The H.V. McKay Memorial Gardens is a triangular shaped garden located on Anderson Road in the suburb of Sunshine, 14km west of Melbourne CBD. The Gardens established in 1909 is Australia’s oldest remaining industrial garden.
The gardens then known as Sunshine Gardens were privately held from 1909 to 1952. A cast of curators were employed to apply their horticultural expertise. These men and their families lived at the Curator’s house and spend much time in the adjacent nursery area raising seedlings. The house and the outbuildings were demolished by the council in 1975. H.V. McKay appointed S.G.Thompson as the first curator of the Gardens.
Wanting to create a pleasant place for the workers at Sunshine Harvester Works to relax at lunchtime and weekends, HV McKay designated this land for a garden, to be designed in the Edwardian style with sweeping lawns, curving paths, garden beds and specimen trees. The 8-acre Sunshine Gardens were Designed by the assistant city engineer of Ballarat, F. A. Horsfallm and laid out by head gardener S. G. Thompson.
The Gardens had two stone gateposts and a gateway featuring lions. It is believed that McKay’s father Nathaniel, a stonemason, made the gateposts. These sculptures were said to be loaned to Governor-General Lord Casey for a special occasion at his property in Berwick. The stone gate posts were stolen. A wrought Iron gate which was built by Sunshine Harvester Work’s blacksmith Charlie Pippett was erected at the Garden in the 1920’s.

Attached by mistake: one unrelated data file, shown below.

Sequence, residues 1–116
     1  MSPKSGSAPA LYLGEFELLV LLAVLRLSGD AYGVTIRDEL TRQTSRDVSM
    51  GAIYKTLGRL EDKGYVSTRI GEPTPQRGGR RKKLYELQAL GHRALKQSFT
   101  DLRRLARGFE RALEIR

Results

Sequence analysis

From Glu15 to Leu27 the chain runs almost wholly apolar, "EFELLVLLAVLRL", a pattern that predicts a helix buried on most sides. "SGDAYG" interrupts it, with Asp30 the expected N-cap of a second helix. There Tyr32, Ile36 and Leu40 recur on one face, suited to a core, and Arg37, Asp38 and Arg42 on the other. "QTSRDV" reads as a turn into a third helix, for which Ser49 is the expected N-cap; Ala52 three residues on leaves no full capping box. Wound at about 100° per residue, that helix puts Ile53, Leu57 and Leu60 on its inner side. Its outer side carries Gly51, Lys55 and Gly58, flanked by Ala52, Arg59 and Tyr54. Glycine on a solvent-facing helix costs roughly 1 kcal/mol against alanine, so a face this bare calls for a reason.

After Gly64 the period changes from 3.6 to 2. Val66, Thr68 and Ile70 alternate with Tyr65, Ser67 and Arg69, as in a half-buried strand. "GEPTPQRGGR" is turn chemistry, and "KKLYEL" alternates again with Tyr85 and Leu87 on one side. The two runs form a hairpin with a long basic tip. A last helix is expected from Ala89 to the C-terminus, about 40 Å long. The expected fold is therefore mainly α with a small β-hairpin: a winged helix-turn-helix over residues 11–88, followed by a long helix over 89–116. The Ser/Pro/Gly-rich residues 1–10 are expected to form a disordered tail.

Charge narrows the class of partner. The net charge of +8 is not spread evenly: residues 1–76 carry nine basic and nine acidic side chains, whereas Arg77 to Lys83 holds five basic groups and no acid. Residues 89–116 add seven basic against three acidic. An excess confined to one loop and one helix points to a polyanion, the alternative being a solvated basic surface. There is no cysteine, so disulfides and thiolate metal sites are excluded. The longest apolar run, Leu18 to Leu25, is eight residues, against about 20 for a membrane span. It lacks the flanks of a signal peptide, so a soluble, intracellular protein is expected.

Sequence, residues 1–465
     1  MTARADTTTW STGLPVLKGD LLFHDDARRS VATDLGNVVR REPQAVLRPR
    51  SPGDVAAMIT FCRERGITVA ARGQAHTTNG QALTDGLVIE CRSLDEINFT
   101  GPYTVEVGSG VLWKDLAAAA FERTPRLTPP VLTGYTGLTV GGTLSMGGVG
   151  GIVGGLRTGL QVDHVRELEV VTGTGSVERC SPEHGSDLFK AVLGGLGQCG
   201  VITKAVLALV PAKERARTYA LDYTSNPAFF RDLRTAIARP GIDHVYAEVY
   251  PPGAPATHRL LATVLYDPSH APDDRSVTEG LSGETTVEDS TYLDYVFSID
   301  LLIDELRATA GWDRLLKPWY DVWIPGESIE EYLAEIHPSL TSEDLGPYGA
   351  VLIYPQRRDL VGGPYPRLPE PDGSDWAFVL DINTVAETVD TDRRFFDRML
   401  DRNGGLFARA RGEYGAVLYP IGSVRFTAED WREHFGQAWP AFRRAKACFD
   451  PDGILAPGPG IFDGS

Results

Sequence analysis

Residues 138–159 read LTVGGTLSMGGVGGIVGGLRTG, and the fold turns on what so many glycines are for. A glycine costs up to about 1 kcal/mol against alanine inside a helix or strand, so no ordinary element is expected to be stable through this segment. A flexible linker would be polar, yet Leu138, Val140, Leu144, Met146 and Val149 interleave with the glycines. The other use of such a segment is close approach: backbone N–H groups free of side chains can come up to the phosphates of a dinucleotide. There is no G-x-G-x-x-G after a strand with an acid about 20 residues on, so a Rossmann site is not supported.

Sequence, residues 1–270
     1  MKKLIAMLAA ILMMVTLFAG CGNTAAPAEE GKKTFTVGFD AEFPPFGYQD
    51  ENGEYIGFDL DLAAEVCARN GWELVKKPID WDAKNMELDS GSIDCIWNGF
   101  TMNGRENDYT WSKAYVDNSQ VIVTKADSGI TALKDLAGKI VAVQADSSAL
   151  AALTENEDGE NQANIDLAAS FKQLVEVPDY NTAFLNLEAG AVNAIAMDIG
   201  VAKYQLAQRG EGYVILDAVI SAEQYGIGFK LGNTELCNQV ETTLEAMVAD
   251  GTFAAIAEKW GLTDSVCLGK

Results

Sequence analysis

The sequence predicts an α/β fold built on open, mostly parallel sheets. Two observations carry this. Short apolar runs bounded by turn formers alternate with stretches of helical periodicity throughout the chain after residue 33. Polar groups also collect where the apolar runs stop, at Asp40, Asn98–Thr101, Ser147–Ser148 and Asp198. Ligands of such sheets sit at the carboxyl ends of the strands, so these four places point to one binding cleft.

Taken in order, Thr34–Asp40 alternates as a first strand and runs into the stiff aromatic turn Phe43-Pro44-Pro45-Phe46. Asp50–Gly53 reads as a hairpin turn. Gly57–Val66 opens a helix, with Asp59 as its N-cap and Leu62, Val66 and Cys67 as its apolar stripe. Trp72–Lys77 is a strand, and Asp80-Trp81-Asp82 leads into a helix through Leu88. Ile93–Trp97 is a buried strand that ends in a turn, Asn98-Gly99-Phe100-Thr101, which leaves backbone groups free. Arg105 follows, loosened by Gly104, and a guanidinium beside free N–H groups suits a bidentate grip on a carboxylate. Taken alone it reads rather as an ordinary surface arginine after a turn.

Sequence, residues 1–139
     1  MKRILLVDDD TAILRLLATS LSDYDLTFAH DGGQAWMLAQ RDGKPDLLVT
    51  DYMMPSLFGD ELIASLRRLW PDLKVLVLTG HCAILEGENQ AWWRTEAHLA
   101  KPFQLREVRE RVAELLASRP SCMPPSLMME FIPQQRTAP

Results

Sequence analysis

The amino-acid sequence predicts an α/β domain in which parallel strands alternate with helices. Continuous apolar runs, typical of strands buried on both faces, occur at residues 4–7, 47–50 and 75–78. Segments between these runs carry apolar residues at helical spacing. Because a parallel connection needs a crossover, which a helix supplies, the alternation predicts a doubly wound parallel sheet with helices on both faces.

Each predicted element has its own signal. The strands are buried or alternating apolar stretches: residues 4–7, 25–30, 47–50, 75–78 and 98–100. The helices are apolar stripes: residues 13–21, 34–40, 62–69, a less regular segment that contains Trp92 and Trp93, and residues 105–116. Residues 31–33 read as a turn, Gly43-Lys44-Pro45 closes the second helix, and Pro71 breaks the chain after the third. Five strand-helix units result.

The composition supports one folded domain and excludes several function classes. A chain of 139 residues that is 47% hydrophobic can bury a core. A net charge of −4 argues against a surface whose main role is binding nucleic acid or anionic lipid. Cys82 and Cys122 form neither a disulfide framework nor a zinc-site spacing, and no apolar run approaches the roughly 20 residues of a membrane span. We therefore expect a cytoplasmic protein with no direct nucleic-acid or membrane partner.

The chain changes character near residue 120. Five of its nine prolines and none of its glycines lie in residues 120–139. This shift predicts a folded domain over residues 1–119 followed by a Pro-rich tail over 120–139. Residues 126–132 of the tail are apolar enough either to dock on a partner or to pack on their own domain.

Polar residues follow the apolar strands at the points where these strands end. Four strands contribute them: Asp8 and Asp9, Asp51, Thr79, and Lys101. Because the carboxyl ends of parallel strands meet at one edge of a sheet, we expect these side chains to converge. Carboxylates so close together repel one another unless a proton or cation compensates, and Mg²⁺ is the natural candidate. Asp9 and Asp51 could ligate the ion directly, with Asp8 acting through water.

From 1911 to 1917, several significant structures were added to the garden layout. The first in 1911 was the footbridge over the railway line. A bowling green, tennis court, Pavilion and bandstand followed. In the 1920’s the gardens were extensively used for picnic, open air concerts and general relaxation. During this time Harvesters tennis club formidable reputation which it held for decades. In 1926, McKay donated land from the garden to build the Sunshine Presbyterian Church.
Originally the water for the Gardens were taken from a dam located at the factory, which stored water from Stony Creek .
In 1934, to mark the jubilee of Sunshine Harvester Works and the centenary of Victoria, new garden beds and pergola was added to the Gardens. Four full time gardeners were added to maintain its dazzling array of flowerbeds.
In 1953, Gardens were handed over to the City of Sunshine and was renamed as HV McKay Memorial Gardens. Original character of the Gardens has changed since then. Encroachments were made on a significant portion of the Gardens from the bowling club expanding the greens and the construction of the manse for the church minister. The curators house and the nursery were demolished.
In 1992, except for the main gateway and a handful of classified buildings, Sunshine Harvester Works Factory was demolished. The Garden was added to the National Trust of Australia register the same year.
The Gardens were added to the Victorian Heritage Register in 2001. In 2008, Brimbank City Council began restoring the Gardens to its original glory after the demolition of the Sunshine Bowling Club.
Address: 120C Anderson Road Sunshine